Foster Care Reimagined: How Two Sisters Are Changing the Lives of L.A. Youth

The Future is Ms. is an ongoing series of news reports by young feminists. This series is made possible by a grant from in support of teen journalists and the series editor, Katina Paron.

Christmas is a big deal in the Tehranchi household. Every year they put out carrots and cookies for Santa, prepare a Persian feast for dinner and open presents on Christmas Eve. For sisters Layla, 16, and Delara, 17, these actions were just part of their family tradition—something they assumed all kids had.

Meeting their (newly adopted) little sister helped them begin to recognize their own privilege.

“It was probably the saddest and most eye-opening experience,” said Delara. “I think my sisters and I have been through, we weren’t really introduced to that kind of world before Coco.”

Having Coco, 2, join their family inspired Layla and Delara to start Coco’s Angels. The organization helps kids in foster care across L.A., through tutoring services, education funding and donation drives. Layla and Delara began their first fundraiser with GoFundMe in 2020 raising over $60,000 and allowing them to order over 600 personalized holiday gifts for foster care kids. Since December 2020, the girls have raised over $125,000.

Using the momentum from their holiday success, the girls organized a back-to-school drive in August 2021. Working with local nonprofits, including The Guardians of Love Agency and the Los Angeles Mission, they held a backpack giveaway for foster youth.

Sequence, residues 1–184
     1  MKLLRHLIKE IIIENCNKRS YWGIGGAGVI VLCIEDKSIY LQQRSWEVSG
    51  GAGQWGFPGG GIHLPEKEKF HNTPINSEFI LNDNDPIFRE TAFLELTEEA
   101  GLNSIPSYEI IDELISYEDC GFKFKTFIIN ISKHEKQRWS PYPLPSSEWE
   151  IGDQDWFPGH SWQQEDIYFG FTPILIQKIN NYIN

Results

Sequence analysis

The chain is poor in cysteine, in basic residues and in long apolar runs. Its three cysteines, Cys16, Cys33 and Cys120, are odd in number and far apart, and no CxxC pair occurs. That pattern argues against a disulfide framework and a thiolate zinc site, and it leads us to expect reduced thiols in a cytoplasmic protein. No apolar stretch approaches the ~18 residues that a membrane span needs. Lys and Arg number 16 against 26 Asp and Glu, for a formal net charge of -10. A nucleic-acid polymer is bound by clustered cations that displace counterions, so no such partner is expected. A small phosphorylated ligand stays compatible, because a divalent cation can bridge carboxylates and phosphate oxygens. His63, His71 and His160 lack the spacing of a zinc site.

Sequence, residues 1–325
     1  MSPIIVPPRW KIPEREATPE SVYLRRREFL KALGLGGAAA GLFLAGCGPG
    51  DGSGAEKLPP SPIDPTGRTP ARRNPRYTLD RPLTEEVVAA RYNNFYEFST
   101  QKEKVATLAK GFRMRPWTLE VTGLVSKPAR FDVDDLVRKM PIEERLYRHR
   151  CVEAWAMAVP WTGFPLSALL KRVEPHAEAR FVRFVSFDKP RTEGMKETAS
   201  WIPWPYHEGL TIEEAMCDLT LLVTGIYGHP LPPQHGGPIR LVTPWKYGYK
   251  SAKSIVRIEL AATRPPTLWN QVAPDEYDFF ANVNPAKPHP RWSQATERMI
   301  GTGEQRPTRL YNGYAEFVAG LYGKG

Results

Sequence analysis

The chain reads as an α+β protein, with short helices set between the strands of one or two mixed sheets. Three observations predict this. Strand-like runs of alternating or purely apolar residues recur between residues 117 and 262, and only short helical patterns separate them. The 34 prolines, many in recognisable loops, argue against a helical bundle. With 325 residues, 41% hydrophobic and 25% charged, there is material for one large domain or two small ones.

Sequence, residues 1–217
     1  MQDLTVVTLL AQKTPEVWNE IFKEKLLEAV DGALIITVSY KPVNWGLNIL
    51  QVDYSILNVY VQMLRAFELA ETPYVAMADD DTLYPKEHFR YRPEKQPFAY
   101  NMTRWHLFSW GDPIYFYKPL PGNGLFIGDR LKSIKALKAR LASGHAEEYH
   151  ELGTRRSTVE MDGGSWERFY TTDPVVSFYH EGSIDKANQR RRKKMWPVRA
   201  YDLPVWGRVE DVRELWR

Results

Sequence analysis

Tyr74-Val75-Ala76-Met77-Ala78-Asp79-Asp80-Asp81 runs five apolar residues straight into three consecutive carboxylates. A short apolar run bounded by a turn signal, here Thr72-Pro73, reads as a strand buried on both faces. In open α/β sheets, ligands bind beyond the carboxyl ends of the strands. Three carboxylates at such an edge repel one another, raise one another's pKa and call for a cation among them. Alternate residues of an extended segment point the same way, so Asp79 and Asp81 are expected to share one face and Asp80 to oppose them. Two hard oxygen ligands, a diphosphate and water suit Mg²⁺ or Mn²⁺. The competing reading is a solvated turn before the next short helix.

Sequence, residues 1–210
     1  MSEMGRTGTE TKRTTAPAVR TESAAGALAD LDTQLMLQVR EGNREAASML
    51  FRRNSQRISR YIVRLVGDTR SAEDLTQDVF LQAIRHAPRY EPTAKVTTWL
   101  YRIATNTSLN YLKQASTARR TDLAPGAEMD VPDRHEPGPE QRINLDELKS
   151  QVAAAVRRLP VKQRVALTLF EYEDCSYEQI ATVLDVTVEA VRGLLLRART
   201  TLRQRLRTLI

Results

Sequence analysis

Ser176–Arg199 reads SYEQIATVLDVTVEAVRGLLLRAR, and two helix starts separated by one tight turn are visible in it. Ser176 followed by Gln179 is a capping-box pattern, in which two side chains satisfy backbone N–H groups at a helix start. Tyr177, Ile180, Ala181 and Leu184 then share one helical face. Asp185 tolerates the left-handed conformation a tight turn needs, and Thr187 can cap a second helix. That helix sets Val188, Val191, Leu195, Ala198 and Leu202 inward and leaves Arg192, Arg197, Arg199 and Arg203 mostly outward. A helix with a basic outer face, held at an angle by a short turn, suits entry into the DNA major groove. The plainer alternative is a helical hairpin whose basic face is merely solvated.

“Although we were so passionate about giving kids childhood experiences like different holiday events, we wanted to make sure that we put education as a priority, given what the circumstances of the world were,” said Delara. The girls hope to make this a recurring annual event for the back-to-school season.

Delara and Layla at their backpack drive fundraiser. (Courtesy)

There are over 22,000 kids in foster care in L.A. and more than 424,000 children in foster care nationally—23 percent of which are Black girls, according to the National Women’s Law Center. Black girls average more than 10 home placements in the foster system, compared to the national average of 8 home placements per child.

Through their work, Layla and Delara found there is often a lack of cultural connection within foster homes.

“We were finding that foster kids, especially those in the POC community, were being placed in non-POC environments and families,” Delara said, “A lot of the time those families didn’t even have access to being able to give them the resources they needed to make sure that they were culturally appreciated.”

“This is a real issue,” said Dr. Sarah Font, a post-doctoral researcher on the child welfare system. “Under the Multiethnic Placement Act, states are required to make efforts to recruit foster families that represent the population of kids coming into foster care.” While great in theory, this hasn’t been executed very well.

In an effort to combat the lack of diverse foster homes in Los Angeles, Coco’s Angels hosted an informational event where they provided a variety of resources to foster parents, including haircare supplies, non-English children’s books and recommendations on where to find further representation.

Font supports the work of the Tehranchi sisters. “Kids benefit when there are more people working on their behalf. Any time you can add more people, bringing time and energy to the table that’s always in their favor.”

The girls present at a Los Angeles community event. (Courtesy)

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Aina Marzia is a 16-year-old independent journalist based in El Paso, Texas, covering pop culture, Gen Z, climate justice and intersectional politics. Her work has been seen in The Daily Beast, YES! Magazine, Prism Reports, Teen Vogue, Muslim Girl, Talking Points Memo and more. When she is not writing, Aina tends to her cat, Garfield, or slurps chai somewhere.